“Not Commercially Viable” – British Airways, Air France, KLM Axe Flights To Iran

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Originally appeared at ZeroHedge

British Airways announced Thursday it plans to stop service to Tehran after its last scheduled flight on September 22.

A British Airways (BA) spokesperson announced the move, which comes after the latest round US sanctions went into effect against Iran this month: “We are suspending our London to Tehran service as the operation is currently not commercially viable.”

"Not Commercially Viable" - British Airways, Air France, KLM Axe Flights To Iran

Tehran, Iran. Via Business Traveler

“We are sorry for any disruption this may cause to our customers’ travel plans and we are in discussions with our partner airlines to offer customers rebooking options,” the airline said further. “Alternatively, they will be offered a full refund or the opportunity to bring their flights forward,” the BA representative said.

BA London to Tehran service was re-launched in September 2016 after a four-year absence due to worsening British-Iran relations, and now with the return of tensions over Washington’s pullout of the Iran nuclear deal last May, it appears the airline’s forward bookings have taken a significant hit.

Earlier this month the US warned Britain that it must back the Trump White House’s tough stance on Iran or “face serious trade consequences”.

"Not Commercially Viable" - British Airways, Air France, KLM Axe Flights To Iran

Meanwhile Air France and KLM have also announced the cancellation all flights to Tehran, with the last Air France flight on Sept. 18. Air France had already drastically cut its operations to Iran as it transferred all connections to its low-cost airline Joon this summer, and was down to one flight per week from the prior usual of three.

And Dutch airline KLM had previously announced last month the suspension of all flights from Amsterdam, set to also take place in September.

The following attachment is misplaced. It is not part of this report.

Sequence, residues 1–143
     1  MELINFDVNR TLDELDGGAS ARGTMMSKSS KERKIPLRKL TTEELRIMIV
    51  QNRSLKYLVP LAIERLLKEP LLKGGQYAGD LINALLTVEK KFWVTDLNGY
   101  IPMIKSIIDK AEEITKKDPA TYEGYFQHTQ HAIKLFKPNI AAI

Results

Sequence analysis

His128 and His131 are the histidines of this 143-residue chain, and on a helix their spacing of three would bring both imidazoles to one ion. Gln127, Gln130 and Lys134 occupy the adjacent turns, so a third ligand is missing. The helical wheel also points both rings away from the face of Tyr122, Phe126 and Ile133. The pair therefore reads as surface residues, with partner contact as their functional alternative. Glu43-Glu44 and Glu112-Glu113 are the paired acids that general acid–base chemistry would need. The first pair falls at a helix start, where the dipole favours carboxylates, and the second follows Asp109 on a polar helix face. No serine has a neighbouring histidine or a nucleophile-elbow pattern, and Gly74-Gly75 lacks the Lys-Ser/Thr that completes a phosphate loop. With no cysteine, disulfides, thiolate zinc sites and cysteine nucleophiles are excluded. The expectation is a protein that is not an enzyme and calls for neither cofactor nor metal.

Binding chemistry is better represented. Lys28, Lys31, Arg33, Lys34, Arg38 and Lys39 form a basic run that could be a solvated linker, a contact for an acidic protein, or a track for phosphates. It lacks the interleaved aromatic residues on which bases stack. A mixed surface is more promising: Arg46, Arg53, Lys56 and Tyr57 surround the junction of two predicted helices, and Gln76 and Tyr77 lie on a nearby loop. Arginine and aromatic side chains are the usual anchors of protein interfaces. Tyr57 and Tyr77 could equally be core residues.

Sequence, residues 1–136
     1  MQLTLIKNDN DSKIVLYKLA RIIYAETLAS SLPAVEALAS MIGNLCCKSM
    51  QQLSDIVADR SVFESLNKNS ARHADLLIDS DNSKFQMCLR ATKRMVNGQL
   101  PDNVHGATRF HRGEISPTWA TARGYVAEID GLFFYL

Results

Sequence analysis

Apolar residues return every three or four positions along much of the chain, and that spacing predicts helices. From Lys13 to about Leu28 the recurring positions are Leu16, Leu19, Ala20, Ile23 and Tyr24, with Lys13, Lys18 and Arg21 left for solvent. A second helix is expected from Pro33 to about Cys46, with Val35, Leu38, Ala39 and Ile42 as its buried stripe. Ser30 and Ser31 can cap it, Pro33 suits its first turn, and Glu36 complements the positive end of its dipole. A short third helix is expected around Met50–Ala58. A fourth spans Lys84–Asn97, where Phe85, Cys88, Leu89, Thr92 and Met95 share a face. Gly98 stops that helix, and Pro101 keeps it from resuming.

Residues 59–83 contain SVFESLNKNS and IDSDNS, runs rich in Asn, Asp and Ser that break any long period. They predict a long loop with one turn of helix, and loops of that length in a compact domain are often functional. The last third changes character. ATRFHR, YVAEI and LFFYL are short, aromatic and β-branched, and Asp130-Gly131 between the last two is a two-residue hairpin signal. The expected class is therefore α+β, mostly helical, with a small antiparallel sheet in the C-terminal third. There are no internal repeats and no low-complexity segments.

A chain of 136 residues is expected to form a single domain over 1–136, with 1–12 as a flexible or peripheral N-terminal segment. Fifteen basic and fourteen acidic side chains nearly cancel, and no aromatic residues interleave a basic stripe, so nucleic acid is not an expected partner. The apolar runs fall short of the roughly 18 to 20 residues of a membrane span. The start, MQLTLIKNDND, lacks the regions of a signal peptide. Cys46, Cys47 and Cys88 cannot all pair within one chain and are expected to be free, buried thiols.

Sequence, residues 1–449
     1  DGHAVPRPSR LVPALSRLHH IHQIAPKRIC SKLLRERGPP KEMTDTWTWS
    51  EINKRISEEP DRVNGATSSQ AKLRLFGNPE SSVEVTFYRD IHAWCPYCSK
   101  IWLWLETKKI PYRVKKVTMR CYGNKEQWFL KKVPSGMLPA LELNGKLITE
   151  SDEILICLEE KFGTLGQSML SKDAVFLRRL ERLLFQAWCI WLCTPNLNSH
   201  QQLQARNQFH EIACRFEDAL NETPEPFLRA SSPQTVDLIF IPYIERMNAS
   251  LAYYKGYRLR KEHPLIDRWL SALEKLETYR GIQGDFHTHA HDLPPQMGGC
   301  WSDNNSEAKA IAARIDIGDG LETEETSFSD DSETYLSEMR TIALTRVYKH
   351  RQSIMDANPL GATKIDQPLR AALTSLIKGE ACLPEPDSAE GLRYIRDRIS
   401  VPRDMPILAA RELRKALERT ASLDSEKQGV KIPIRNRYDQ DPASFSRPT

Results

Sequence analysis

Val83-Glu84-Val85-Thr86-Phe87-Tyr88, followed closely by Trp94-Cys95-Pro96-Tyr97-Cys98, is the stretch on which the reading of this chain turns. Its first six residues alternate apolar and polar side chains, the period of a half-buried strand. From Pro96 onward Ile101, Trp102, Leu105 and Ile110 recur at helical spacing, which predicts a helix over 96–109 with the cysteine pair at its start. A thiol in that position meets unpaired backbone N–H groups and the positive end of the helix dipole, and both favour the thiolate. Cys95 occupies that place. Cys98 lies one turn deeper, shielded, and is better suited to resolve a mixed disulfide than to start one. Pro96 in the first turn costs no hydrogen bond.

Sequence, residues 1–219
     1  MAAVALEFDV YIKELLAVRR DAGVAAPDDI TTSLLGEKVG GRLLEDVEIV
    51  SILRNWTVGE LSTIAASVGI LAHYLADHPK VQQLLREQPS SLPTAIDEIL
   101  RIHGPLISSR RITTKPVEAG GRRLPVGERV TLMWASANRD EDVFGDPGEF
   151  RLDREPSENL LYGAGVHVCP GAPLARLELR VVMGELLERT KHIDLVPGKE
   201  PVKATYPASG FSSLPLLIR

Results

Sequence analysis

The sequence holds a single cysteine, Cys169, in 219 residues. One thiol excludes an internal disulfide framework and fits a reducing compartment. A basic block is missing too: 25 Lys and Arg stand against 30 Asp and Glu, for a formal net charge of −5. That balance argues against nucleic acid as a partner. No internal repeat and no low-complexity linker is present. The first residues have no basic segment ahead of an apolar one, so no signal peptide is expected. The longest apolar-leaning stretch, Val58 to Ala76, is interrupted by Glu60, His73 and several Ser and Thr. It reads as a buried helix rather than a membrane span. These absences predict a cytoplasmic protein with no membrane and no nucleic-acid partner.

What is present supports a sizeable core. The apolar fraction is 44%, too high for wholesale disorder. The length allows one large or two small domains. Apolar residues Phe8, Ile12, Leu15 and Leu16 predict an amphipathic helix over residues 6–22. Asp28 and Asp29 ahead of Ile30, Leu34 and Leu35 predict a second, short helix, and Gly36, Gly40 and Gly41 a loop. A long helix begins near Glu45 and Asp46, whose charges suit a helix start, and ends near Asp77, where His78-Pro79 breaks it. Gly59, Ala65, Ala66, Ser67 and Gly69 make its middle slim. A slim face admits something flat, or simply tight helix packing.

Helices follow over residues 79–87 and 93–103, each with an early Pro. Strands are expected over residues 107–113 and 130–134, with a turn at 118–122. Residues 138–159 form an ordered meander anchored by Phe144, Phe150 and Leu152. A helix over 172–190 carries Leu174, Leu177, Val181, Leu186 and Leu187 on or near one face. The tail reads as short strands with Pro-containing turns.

They join a growing list of other major firms that have recently curbed or halted business in Iran include French energy giant Total, Germany’s Siemens, French and German automotive manufacturers PSA and Daimler, the world’s largest shipping firm Maersk, French aircraft manufacturer Airbus, Germany’s engineering and rail consortium Deutsche Bank, as well as the German insurer Allianz..

* * *

On August 7 the US imposed Phase 1 of a series of sanctions against Iran.

At a glance, these cover:

  • Auto industry: Carmakers who also operate in the US market must pull out of Iran, currently the world’s 12th-largest car market.
  • Gold and precious metals: Ban on selling these substances to Iran, which will cause difficulty for the country’s investors looking to safeguard their wealth against the falling rial.
  • US banknotes: Stepping up pressure on Iran’s central bank as it attempts to stabilise its currency.
  • Aviation: Cancellation of US sales of civil aviation planes and parts to upgrade Iran’s ageing commercial fleet.
  • Other key industries: Ban on US imports of Iranian carpets, pistachios and farmed caviar.

And on November 7th phase 2 takes effect, mainly targeting Iran’s oil exports, which could prove the final death blow to Iran’s already downward spiraling economy.

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  • Barba_Papa

    If the EU can’t keep its companies in business with Iran, or counter US sanctions, then what do they have to offer the Iranians to stick to the nuclear deal?

    As usual the EU is too divided and infested with governments that have sold their soul to Washington for it to stand up to it.

  • AG Korvin

    Wouldn’t it be better for the Persians if they have a non-religious elected government? Just asking.

    • Selbstdenker